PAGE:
Mitrix Bio Works on the Production of Mitochondria for Transplantation

One of the more practical near term approaches to address the age-related decline of mitochondrial function is transplantation of functional mitochondria. As an approach, it bypasses all of the remaining unknowns relating to the biochemistry of mitochondrial aging. Cells will take up whole mitochondria and make use of them, and early studies suggest that providing new mitochondria can improve tissue function when native mitochondria are impaired. It is likely that this improvement will last for only a limited time, as the same processes that degrade the function of mitochondria, such as a lack of effective mitophagy, will still operate on the new arrivals. If that limited time is a few months to a few years, that will nonetheless gives tissues a chance to restore themselves to some degree - and the therapy can always be repeated.

The major focus of the few companies presently working towards this goal of mitochondrial transplantation is the development of practical methods of production of mitochondria. Ultimately, therapies for aging humans that replace mitochondria throughout the body will require enormous numbers of these organelles, and thus the development of a cost-effective means of manufacture at scale. Even producing enough mitochondria for demonstrations in mice proved to be an initial hurdle. It is interesting to see reports along the way in this process of development, such as the materials provided by Mitrix Bio, noted here. Academic papers will be forthcoming, it seems, to describe the details.

Bioreactor-Grown Mitochondria for Potential Anti-Aging

Mitrix Bio announced early results of an 18-month project in which a series of mitochondrial transplants were performed in animal studies of brain, eye, liver, immune system, and skin tissues. In these tests, "young" highly functional mitochondria are grown in prototype bioreactors and transfused into the bloodstream. Cells absorb them to help supplement old, dysfunctional mitochondria and reverse energetic decline. These tests showed apparent age reversal in multiple endpoints in animal disease models in vivo and human cells in vitro. The results indicate potential future therapies for diseases such as Alzheimer's, macular degeneration, cardiovascular disease, frailty, and immunosenescence. Experiments not only point toward specific diseases but suggest anti-aging effects on test animals' strength, cognition, and appearance. A series of peer-reviewed papers will be released in coming months.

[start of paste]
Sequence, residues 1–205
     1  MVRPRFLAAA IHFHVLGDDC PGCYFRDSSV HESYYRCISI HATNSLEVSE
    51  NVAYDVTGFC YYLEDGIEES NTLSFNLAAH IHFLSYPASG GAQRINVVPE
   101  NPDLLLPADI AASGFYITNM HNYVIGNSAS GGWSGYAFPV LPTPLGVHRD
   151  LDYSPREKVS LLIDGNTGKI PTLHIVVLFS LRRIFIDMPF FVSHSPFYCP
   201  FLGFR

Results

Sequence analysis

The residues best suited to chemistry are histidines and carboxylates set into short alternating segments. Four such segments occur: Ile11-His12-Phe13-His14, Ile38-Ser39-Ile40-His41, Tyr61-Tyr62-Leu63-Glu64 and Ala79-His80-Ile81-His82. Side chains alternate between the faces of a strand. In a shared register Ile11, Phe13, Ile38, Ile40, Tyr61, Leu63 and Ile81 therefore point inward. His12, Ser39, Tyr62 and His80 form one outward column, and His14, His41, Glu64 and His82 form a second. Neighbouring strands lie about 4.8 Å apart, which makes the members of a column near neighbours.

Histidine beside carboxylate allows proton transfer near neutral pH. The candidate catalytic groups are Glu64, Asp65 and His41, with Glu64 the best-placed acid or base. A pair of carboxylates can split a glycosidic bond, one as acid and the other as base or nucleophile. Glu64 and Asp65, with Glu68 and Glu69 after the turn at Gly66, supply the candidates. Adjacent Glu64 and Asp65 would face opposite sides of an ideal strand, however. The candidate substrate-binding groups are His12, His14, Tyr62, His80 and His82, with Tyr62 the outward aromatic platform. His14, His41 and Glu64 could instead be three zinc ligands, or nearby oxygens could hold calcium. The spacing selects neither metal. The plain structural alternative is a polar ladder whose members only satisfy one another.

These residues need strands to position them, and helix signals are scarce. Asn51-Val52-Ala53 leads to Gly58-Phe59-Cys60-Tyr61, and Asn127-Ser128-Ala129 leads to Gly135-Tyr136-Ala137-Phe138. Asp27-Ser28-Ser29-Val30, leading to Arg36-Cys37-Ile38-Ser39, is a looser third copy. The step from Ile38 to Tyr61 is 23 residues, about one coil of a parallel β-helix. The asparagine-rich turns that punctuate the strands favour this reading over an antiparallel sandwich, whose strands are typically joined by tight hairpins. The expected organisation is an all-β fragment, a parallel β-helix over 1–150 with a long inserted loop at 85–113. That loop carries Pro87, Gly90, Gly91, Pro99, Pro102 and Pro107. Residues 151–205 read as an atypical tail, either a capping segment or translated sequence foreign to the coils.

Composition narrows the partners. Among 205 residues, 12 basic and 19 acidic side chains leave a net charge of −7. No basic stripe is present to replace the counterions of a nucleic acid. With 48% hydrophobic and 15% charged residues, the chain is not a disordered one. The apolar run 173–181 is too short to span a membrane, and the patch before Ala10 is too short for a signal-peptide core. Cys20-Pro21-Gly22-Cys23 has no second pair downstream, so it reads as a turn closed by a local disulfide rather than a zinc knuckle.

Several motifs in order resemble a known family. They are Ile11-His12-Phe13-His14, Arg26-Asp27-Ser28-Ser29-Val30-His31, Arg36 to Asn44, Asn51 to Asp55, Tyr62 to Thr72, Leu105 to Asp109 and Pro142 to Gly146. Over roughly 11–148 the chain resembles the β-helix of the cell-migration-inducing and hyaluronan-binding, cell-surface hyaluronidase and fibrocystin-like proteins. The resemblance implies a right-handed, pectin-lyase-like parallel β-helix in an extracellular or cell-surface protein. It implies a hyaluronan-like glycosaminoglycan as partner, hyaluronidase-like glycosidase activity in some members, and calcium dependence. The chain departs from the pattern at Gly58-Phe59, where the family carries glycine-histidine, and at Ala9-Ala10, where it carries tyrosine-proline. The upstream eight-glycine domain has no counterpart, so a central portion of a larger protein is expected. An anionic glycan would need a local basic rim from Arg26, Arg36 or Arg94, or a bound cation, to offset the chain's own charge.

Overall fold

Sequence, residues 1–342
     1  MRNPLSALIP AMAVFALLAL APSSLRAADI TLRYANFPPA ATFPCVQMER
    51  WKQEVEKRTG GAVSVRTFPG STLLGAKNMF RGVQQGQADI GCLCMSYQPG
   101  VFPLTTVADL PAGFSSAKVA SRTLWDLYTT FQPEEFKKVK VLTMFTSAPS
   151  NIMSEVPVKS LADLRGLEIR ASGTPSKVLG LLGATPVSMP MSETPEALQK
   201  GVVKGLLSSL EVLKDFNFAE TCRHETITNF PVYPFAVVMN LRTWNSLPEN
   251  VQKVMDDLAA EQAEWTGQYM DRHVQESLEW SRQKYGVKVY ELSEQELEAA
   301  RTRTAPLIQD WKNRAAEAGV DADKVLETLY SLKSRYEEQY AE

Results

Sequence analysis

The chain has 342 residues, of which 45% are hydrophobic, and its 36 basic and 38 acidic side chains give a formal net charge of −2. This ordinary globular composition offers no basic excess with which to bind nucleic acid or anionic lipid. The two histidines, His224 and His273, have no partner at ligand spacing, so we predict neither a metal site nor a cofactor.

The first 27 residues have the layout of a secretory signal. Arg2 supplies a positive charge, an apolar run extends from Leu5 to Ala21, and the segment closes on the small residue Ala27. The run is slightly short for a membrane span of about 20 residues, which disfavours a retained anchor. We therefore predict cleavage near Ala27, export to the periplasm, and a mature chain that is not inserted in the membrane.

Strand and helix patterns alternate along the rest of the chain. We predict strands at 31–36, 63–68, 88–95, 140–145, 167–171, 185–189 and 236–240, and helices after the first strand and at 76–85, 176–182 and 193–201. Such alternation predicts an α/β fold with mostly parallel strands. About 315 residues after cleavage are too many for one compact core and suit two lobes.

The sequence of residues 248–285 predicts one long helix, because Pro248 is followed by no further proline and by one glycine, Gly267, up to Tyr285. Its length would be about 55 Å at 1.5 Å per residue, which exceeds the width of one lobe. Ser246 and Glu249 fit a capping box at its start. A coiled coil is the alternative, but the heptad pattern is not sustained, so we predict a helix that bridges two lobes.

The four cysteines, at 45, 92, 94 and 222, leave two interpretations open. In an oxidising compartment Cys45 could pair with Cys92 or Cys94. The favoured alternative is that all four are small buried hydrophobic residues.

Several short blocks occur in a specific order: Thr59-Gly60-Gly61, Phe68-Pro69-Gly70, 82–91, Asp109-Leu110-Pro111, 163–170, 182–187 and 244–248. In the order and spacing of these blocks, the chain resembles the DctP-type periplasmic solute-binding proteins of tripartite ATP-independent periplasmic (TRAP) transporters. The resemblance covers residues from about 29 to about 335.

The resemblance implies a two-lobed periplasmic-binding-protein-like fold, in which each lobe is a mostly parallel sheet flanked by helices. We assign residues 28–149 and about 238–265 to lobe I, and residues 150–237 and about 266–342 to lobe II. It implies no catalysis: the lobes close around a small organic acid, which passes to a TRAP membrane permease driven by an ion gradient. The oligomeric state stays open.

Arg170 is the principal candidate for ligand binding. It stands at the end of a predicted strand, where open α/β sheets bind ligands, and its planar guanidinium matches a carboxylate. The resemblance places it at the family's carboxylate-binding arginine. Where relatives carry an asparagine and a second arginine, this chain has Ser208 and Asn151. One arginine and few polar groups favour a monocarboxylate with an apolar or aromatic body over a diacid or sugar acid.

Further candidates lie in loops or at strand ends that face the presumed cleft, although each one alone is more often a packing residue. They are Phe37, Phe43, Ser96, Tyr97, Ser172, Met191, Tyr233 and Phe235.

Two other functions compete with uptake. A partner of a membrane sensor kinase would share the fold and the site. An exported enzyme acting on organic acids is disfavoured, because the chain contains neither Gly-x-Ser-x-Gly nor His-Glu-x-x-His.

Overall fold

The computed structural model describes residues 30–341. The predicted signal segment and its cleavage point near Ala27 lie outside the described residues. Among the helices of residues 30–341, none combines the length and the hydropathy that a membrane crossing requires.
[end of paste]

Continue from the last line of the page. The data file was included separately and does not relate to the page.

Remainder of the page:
For the past decade, researchers have been testing exogenous mitochondrial transplants. But these tests have been confined mainly to rare pediatric diseases and surgery, not the larger world of adult diseases and longevity, due to scarce supplies of donor mitochondria. Just as liver or kidney organ transplants are limited by the availability of donors, mitochondrial "organelle transplants" are limited by scarce supplies of donor mitochondria. The Mitrix Bio project was launched to overcome this limitation for adult diseases. In the Mitrix process, the first step is to grow mitochondria in prototype bioreactors. Next, those mitochondria are given a special coating to protect against immune reactions along with molecular receptors to target specific tissue types. These coated mitochondria are infused into the body, where they travel to desired tissues and take up residence in cells.

"As people age, their tissues experience chronic energy depletion - there's not enough energy for cells to function, DNA becomes damaged, and stem cells lose their stemness. Our goal with mitochondrial transplant is to raise the energetics of the entire system so it's ready for other types of longevity treatments. All things considered, having improved bioenergetics trumps many of the negative impacts of aging. Even if improvement from mitochondrial transplant is indirect, it buys time, and that is what longevity is all about."


Wasn't one of the reasons that stem cells fail to transplant to animals and humans recently found to be expanding these cells ex vivo introduced minor mutations in the mitochondrial DNA which still led to immune rejection of the stem cells? Is it even possible to expand mitochondria ex vivo with low or no DNA mutionations that would result in immune rejection?

Posted by: jimofoz at July 27th, 2022 3:52 PM

this is to be seen in the future but the experiments with extracellular vesicles show that there are ways to transport and deliver mitochondria and other cellular organelles without triggering much if any immune reaction.

Mitochondria replenishment/replacement can cure or at least control a whole class of genetic diseases which affect mitochondria.

Posted by: Cuberat at July 27th, 2022 4:33 PM
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